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Calcutta Diary

Calcutta Diary YOU would come to think that, all of a sudden, conscientiousness has begun to run rlot, and a new association has come into being; Society for the Prevention of Overtime Payments to Low-Grade Employees, Members of Parliament, racketeering university pro- lessors, retired civil servants installed in sinecure positions in private companies presumably for faithful services rendered in the past, newspaper editors whose salaries 'and perquisites together would certainly exceed ten thousand rupees per month, have banded themselves together in an informal concordat. All other national problems can wait, hut the problem of what is being quainty described as 'the rising spiral of labour-hours' must be tackled at all costs, otherwise the economy will lie in ruins. The malingering industrial worker, the trant bank clerk, the discontented technician in the Indian Airlines, the wretch that is the class IV employee in a government office, and the rest of the species must he put down with a firm hand: the quantum of public money they are filching under the excuse of working beyond stipulated hours must be cut back drastically, morality must he restored in the public domain. In some of the nationalised undertakings, it is being pointed out in an emotion-laden voice, the canker of overtime allowances has reached scandalous proportions: the aggregate payments under this particular head have risen by as much as 150 to 200 per cent in the course of the past half-a-dozen years. The employers of the world, in the public as well as the private sector, must therefore unite. They have suffered long, the nation has suffered long, and enough is enough. This far and no further, is the message that must now be handed down to the work-shirking, money- grabbing employees. A remarkable solidarity of sentiment is discernible on the issue; there is a closing of ranks among the Swatantra MPs and the committed civil servants, the pontificating newspaper editors and the responsible- sounding academic: on to the barricade, down with overtime bills.

Calcutta Diary

November 17, 1973 Calcutta Diary A M THESE are uncertain times to flaunt the avocation of a soothsayer will be the sheerest of folly. This state may or may not be shut down on November 17, the bandh announced for the day by the nine Left parties, protesting against the government's policies which have fed the price spiral and demanding the release of political prisoners, may or may not be a roaring success. Even if there be deep welled-up discontent about the government's waywardness among the people, they may have for the present lost their faith in the efficacy of collective action. They may have, again for the present, lost their faith in modalities of the traditional Left movement. It could also be that the bulk of those who in the past used to man the barricades for the Left parlies are still dominated by the psychosis of fear. This is a new phenomenon. Political workers, who have been a part of what is known around these parts as the mass movement for the last thirty or forty years, who, till a few years ago, could command the respect of people from different strata of society for their sacrifices and integrity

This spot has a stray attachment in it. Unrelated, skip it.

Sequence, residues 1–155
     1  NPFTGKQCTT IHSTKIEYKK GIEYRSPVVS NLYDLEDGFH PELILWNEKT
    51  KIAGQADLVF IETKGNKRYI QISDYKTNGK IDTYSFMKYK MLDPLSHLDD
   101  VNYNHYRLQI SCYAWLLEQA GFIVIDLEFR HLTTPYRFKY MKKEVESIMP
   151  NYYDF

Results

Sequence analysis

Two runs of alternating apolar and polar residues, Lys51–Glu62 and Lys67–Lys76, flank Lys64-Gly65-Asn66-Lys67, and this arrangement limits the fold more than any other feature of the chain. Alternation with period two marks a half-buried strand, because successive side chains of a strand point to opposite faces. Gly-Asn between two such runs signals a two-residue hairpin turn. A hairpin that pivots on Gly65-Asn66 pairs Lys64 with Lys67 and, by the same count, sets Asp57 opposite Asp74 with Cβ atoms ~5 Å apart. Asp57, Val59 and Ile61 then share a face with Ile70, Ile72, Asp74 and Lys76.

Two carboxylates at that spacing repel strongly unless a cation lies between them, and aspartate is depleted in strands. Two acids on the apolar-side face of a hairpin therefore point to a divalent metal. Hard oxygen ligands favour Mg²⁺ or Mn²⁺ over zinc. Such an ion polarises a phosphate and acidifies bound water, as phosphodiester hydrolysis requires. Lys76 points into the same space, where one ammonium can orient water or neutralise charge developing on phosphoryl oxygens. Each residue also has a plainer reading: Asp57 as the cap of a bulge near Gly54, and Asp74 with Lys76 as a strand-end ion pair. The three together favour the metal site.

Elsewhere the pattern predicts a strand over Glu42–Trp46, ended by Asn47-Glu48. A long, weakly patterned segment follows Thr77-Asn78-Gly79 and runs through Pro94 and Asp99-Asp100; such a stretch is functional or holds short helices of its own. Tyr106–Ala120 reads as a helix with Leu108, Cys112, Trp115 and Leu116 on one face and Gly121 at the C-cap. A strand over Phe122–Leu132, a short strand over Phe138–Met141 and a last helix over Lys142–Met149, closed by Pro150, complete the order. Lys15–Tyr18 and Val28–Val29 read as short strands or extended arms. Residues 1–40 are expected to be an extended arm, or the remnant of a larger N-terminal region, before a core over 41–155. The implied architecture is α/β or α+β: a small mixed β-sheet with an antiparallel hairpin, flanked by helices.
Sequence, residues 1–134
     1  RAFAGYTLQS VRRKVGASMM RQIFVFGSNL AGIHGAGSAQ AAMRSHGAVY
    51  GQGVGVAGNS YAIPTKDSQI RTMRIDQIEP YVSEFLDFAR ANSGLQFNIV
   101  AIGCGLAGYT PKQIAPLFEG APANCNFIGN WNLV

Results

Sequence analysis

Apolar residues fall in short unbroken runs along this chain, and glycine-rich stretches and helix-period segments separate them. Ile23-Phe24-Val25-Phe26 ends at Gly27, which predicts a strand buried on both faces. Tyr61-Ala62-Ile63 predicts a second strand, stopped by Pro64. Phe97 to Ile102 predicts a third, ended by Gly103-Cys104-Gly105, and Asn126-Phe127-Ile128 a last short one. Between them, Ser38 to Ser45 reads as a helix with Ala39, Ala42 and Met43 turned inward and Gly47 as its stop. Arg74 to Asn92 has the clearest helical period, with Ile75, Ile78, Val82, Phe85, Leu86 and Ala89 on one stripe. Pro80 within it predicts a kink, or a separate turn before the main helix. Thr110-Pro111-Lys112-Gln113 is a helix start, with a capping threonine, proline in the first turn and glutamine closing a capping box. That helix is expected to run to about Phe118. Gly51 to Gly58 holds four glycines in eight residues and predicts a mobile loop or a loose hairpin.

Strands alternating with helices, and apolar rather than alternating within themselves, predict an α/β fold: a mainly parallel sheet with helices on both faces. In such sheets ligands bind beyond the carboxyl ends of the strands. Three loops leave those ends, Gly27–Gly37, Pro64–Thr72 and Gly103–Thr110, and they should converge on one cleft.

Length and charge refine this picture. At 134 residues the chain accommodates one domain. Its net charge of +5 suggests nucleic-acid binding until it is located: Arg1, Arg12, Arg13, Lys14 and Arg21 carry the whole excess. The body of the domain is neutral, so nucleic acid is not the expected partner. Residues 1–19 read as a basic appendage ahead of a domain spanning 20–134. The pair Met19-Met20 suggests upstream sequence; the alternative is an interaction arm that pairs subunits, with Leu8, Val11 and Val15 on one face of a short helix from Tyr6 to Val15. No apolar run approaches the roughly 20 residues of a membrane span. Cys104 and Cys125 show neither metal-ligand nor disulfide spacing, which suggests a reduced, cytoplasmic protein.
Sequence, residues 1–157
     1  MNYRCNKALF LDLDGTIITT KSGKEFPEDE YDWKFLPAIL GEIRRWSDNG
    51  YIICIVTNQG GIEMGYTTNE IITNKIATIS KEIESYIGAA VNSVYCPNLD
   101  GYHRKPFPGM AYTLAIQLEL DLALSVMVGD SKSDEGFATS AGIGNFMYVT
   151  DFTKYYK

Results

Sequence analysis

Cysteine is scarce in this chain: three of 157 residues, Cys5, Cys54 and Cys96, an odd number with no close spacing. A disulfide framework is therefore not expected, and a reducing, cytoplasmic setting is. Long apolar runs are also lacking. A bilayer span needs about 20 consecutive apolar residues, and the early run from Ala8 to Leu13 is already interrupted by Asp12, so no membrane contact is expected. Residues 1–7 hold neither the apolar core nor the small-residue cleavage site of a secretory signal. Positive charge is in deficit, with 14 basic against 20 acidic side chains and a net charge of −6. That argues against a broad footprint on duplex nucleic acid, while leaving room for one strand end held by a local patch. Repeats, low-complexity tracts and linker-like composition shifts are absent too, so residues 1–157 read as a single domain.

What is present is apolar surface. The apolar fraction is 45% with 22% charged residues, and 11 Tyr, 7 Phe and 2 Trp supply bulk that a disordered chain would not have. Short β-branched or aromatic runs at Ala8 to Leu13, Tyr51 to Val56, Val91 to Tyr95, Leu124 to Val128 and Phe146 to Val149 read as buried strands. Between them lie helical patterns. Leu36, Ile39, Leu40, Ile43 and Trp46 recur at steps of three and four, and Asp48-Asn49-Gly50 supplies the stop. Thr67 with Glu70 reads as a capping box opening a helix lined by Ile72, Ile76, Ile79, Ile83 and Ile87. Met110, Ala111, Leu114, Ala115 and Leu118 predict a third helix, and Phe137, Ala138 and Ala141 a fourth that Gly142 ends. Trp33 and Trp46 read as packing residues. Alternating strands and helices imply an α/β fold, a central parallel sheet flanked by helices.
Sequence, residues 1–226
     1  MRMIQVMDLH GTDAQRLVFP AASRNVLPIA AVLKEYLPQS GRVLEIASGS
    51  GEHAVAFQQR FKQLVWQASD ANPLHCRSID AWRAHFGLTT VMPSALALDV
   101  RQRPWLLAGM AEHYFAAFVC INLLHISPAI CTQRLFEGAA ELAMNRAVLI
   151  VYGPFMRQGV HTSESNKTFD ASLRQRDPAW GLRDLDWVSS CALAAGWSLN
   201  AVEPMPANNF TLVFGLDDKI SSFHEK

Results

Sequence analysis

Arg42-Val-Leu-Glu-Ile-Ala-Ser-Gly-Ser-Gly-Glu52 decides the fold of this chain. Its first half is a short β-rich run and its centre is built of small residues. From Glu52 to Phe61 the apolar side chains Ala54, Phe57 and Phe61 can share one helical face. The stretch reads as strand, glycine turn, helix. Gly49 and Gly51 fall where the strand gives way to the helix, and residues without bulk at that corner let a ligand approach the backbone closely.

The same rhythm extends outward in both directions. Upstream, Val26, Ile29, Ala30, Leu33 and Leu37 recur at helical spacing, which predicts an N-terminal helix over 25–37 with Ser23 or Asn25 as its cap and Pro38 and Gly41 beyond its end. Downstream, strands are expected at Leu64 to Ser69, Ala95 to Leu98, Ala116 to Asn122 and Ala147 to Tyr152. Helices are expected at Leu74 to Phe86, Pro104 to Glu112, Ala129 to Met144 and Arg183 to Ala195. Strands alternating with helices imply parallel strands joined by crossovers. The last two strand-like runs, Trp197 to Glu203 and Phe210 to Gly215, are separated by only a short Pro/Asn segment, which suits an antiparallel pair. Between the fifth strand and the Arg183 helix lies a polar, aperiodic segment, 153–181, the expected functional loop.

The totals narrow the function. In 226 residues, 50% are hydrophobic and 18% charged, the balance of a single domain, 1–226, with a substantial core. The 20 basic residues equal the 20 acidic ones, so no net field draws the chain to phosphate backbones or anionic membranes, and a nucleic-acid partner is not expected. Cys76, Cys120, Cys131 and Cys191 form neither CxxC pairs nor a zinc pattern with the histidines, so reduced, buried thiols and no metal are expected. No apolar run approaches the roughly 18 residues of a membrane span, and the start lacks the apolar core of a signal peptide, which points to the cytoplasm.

Calcutta Diary

Calcutta Diary A M INTIMATIONS of Henry the Eighth, or so it would seem, have overtaken the incumbent resident of the White House. Whichever Cardinal demurred at annulling the Tudor's current marriage

Calcutta Diary

November 3, 1973 LAST MONTH, the court dancer took the final bow. It was a Sunday morning, rain was lashing the streets and lanes; Sadhona Bose, that heart-throb of the Indian screen in the distant 1930s, passed away in a run-down Calcutta apartment building. For most of the recent years, it was a wretched existence for her; the death was equally wretched. She died a pauper, uncared for, a lonely, prematurely old woman whom the world had forgotten. There was a small funeral procession; few cared to join, fewer even enquired who it was who was dead. No flowers for the court dancer of yester-year: she did not belong any more.

Calcutta Diary

October 20, 1973 Calcutta Diary A M THE Defence of India Rules have their uses, perhaps to make fools of men. Ever since the rains set in, garbage has piled high in Calcutta's lanes, roads, streets and pavements. Mountains of rubbish and refuse, mountains of stench and pollution, mountains of germ-carriers

Calcutta Diary